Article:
Course Information Undergraduate prospectus

Economics of International Development and Finance

Course summary

Course code: ECON1042
Level: 6
Credits: 30
School: Business Faculty
Department: International Bus and Economics
Course Coordinator(s): Tesfa Mehari

Specification

Aims

To develop a detailed knowledge and critical understanding of the causes and influences of international trade. To examine the theories, policies and the empirical evidence on international trade. To provide appreciation of the magnitude and complexities of the development challenges in the 3rd world. To critically evaluate the theories and applications of development models. To develop a critical understanding of micro/macroeconomic context of international financial system and exchange rate regimes. To critically evaluate the rationale and performance of global financial institutions.

Learning outcomes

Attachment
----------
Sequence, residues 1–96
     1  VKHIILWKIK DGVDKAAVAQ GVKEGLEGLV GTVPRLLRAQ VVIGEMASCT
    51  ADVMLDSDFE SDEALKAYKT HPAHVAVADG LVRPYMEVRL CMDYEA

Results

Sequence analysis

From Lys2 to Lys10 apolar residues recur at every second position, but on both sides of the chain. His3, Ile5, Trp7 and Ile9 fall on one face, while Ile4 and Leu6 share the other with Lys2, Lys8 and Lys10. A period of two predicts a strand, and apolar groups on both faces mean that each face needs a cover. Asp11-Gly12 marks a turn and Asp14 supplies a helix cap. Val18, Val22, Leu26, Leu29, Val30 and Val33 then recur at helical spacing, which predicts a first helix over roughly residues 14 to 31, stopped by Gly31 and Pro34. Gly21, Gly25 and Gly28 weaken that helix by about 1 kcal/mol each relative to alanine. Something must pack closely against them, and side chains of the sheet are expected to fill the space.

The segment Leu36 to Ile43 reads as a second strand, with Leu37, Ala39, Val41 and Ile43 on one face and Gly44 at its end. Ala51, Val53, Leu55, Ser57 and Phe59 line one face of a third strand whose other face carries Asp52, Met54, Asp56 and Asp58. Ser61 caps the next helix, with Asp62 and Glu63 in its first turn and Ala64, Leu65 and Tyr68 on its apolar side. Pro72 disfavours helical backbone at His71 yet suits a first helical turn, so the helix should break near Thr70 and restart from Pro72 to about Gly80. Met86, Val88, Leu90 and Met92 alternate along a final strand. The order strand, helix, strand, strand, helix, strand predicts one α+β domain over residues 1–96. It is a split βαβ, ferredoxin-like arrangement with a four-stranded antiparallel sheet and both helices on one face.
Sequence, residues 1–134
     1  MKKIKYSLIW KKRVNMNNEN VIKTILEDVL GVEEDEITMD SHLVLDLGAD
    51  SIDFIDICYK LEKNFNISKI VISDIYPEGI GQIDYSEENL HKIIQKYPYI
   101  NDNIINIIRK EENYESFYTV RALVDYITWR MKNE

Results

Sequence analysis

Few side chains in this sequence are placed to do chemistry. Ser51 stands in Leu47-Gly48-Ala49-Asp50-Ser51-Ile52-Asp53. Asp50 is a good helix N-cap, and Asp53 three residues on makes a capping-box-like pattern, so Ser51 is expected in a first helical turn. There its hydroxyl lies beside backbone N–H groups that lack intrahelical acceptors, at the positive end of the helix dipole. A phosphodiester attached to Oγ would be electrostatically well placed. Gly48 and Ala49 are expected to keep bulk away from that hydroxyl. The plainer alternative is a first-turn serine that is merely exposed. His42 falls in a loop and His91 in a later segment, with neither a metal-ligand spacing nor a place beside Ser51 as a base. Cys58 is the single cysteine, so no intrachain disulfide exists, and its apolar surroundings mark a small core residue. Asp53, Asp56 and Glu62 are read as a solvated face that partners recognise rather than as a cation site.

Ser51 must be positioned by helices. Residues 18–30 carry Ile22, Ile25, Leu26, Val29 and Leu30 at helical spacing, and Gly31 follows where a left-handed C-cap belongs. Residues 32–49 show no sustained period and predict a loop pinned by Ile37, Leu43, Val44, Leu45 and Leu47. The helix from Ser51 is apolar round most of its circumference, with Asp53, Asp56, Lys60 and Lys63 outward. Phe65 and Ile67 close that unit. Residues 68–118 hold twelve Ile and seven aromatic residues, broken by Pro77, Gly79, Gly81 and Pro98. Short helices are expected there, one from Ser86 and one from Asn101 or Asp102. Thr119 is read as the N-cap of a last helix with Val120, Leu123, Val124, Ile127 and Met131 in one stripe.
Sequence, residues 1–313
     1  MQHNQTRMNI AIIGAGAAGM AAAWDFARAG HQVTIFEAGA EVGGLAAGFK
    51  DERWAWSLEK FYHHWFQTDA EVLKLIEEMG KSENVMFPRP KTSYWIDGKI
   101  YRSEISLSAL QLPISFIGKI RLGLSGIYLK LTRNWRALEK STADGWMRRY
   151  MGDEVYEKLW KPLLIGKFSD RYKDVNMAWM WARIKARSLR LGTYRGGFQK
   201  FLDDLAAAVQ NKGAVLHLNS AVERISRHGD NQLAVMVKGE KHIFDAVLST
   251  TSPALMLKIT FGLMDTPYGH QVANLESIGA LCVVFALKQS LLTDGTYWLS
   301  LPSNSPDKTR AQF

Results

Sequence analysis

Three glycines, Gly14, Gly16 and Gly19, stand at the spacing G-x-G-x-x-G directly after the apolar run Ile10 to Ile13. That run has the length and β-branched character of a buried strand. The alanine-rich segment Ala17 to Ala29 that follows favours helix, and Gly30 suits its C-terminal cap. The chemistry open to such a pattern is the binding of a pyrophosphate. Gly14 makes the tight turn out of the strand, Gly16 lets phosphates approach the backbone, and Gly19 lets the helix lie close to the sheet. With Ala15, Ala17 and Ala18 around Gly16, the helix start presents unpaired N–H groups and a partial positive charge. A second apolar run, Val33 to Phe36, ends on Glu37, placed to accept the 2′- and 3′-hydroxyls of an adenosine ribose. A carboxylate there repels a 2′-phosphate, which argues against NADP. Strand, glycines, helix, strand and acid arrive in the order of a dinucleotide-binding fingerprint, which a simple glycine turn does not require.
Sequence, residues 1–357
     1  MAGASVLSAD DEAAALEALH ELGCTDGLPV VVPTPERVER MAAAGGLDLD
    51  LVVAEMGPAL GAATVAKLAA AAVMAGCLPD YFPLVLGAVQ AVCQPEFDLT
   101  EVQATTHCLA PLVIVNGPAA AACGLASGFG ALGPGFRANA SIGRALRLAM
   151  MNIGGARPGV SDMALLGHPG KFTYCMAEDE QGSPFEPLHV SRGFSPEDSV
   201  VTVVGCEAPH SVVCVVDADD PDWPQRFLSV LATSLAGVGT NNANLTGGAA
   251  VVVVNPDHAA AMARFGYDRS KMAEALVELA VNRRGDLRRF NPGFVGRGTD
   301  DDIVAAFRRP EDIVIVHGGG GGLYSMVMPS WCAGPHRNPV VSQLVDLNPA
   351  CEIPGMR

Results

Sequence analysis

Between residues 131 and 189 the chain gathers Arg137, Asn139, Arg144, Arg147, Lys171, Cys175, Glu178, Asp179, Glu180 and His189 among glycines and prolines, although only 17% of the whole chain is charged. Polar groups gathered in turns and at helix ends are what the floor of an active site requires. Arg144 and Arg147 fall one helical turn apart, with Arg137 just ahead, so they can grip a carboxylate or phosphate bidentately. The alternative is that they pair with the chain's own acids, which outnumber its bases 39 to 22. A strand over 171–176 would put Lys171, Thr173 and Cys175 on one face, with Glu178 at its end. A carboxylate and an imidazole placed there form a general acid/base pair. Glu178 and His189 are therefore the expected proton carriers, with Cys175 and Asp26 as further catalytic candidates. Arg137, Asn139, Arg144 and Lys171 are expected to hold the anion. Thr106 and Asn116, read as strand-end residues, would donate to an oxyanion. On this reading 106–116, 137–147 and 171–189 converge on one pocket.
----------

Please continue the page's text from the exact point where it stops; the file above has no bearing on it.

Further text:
A Knowledge and understanding of: Economics of globalization. Internationalization of production and the markets for factors of production. Factors determining world trade and the ability/limitations of trade theories. The tools of trade policy used by governments. Critical analysis of the theoretical basis for regional economic groupings. Development theories, policies, and institution. Challenges and opportunities in emerging markets. Theories and institutions of the international financial system. Causes and effects of instability in the international capital market. Microfinance and development. B Skills, qualities, and attributes: Apply critical thinking to problems. Synthesize information and theories from different sources. Understand and explain multidimensional causality in complex international issues. Construct coherent, well-structured argument and defend it in writing and orally. Write well-informed essays and presentations. Undertake independent study by researching a range of materials. B1 Breadth of outlook The economic, technological and political, social dimensions of international business. Internationalization and regionalization trends in world trade. North-South economic relations & the South-South alternative? B2 Wisdom Demonstrate ability as an effective team member. Demonstrate ability as an autonomous and independent learner. Appreciate the limitations of models and the innovation needed in their applications. B3 Personal effectiveness Be capable of assuming responsibility for independent learning. Be able to write clear and logical presentations, and to engage in oral debate persuasively. To manage collaborative learning relationships with peers and academic staff. C Subject specific skills Understand the microeconomic and macroeconomics foundations of international business. Appreciate the similarities and differences in the economic challenges faced by developed and less developed countries and between the different sectors of the global economy. Distinguish between structural and policy-induced problems and their respective solutions. D Transferable skills D1 Critical thinking Be able to interpret and synthesise knowledge. Reflect on and challenge their own and others' thinking. D2 Information management Manage data sets in terms of creation, storage, retrieval and transformation. Synthesise data and information into knowledge and present outcomes effectively in various formats. D3 Communication skills Demonstrate verbal presentation skills. Demonstrate effectiveness in managing the dynamics of group behaviour and collaborative learning, both in person and through ITC media such as e-mail. Use communication tools such as PowerPoint and spreadsheets to a professional standard. Demonstrate ability to argue, defend and amend intellectual positions.